PHOENIX (AP) — No Labels, a political organization that has alarmed some Democrats with talk of launching a third-party presidential candidate, has contemplated requiring a donation of at least $100 in order to cast a ballot at the group’s upcoming nominating convention, according to documents obtained by The Associated Press.
The idea, which breaks from longstanding norms, would raise a significant hurdle to participating in the democratic process — in this case No Labels’ selection of its potential candidates for president and vice president. Neither the Democratic or Republican parties charge to vote at their conventions, where delegates vote for candidates chosen by voters through primaries or caucuses.
The possibility of requiring a donation was included in an internal survey No Labels conducted in September. Screenshots of the survey were provided to the AP by a person who was invited to take it. The survey explored how No Labels should select candidates to run on a bipartisan “unity ticket” if the 2024 election is headed for a rematch between Donald Trump and President Joe Biden.
No Labels officials said in a statement Friday that they will not charge delegates.
“No Labels is focused on getting ballot access and we are still working on our process for how we would offer our ballot line to a Unity ticket,” No Labels chief strategist Ryan Clancy said. “We can confirm no delegates to our convention will need to donate to No Labels or pay to be one.”
No Labels initially planned to release its candidate selection plans in October but has yet to do so. The survey provides a rare window into the deliberations and research of a group that could have a major impact on the 2024 election. In Arizona, No Labels has registered nearly 19,000 voters, a figure larger than Biden’s winning margin over Trump in 2020. Some Democrats fear a No Labels candidate would siphon enough votes from Biden to return Trump to the White House.
One of the group’s survey questions asked, “What is the fairest way to determine who can be a delegate” to the No Labels nominating convention? It offered four options: “active participation” in No Labels “over a defined period.” A donation of $100 “to demonstrate genuine commitment” was another, as was a signed commitment to support the group’s “policy priorities and governing principles.” Another option listed was, “anyone should be able to be a delegate if they are chosen by their local No Labels chapter.”
Neither Republicans nor Democrats require delegates to donate, said Elaine Kamarck, a senior fellow in governance studies at the Brookings Institution who has attended conventions for both major parties and wrote a book about the presidential nominating process.
“It’s very much a grassroots operation. It’s very much run through the local parties,” said Kamarck, who is a member of the Democratic National Committee.
No Labels has secured ballot access in 13 states and is working to get all 50 by Election Day.
The group’s leaders say they will only use move forward with plans to launch a third-party bid if their candidate has a viable path to victory. They insist that they will not be a spoiler.
But they’ve said little about how they will decide whether to go forward, or how they will nominate a candidate at their convention, which is scheduled for April in Dallas. Meanwhile, supporters of Utah Sen. Mitt Romney and West Virginia Sen. Joe Manchin on Thursday launched an effort to encourage the two retiring senators to seek the No Labels nomination.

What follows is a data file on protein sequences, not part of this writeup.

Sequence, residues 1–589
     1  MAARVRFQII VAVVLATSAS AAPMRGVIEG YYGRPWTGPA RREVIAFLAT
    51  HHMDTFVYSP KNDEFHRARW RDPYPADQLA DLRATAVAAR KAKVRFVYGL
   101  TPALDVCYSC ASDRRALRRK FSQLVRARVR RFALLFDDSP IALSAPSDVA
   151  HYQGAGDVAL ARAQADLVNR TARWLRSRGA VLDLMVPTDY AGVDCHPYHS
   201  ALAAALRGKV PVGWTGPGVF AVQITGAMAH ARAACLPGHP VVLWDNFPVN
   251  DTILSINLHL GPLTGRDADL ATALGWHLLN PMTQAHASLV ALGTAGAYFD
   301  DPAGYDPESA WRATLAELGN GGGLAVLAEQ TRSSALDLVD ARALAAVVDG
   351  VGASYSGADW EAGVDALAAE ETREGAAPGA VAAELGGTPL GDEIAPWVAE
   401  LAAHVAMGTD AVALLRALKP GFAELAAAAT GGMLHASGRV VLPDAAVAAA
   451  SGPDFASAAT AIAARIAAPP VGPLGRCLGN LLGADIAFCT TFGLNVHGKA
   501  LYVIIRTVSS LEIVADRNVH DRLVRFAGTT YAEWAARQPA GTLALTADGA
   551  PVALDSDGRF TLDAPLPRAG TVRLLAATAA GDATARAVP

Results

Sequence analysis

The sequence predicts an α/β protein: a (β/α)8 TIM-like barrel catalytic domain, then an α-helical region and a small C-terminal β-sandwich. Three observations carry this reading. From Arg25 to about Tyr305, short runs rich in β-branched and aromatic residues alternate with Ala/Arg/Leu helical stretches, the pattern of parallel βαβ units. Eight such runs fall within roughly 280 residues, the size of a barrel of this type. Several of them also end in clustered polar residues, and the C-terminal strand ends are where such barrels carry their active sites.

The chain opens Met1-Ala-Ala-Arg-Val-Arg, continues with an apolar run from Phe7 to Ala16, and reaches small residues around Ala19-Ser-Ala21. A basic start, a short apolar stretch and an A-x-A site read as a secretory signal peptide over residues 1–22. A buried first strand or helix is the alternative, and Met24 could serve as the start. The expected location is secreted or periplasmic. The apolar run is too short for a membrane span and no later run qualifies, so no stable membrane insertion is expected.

The survey, which has over 70 questions, offers hints about how No Labels is developing those plans and their messaging. It also asks about the “most legitimate and credible way for No Labels to nominate their presidential candidates.”
The survey presented four options, including a convention with more than 1,000 people from all 50 states. A national primary involving “tens of millions of people who have expressed general interest in the No Labels effort” is another, as is a national primary involving the approximately 15,000 members of No Labels nationwide. Lastly, they ask if “a select and small group of diverse and distinguished leaders from No Labels” should “use their collective expertise” to choose a nominee.
The poll also asks about a variety of messages to best promote the No Labels cause and tests opinions toward the group.
It asks for input on “the most convincing and compelling” message that the No Labels ticket should use in order to not be considered a spoiler.
It also asks whether the person taking the survey would rather vote for a “bipartisan” or a “nonpartisan” candidate, and it probes their preferences between various terms that could be used to describe the No Labels ticket: an independent, third-party, unity, No Labels or “common sense” candidate.
It requests the top three things a person dislikes the most about the two-party system, without any option for people satisfied with the current system.
At the end, after questions about the problems with the two-party system and the best way to promote a third-party candidacy, it asks the person how likely they would be to vote for a third party.
Asking the questions in that order would tend to influence the results, which could be problematic if the data is used to make decisions or publicly promote them, said Paul Bentz, a pollster based in Phoenix.
“It’s highly likely they’ll have an artificially positive result,” Bentz said.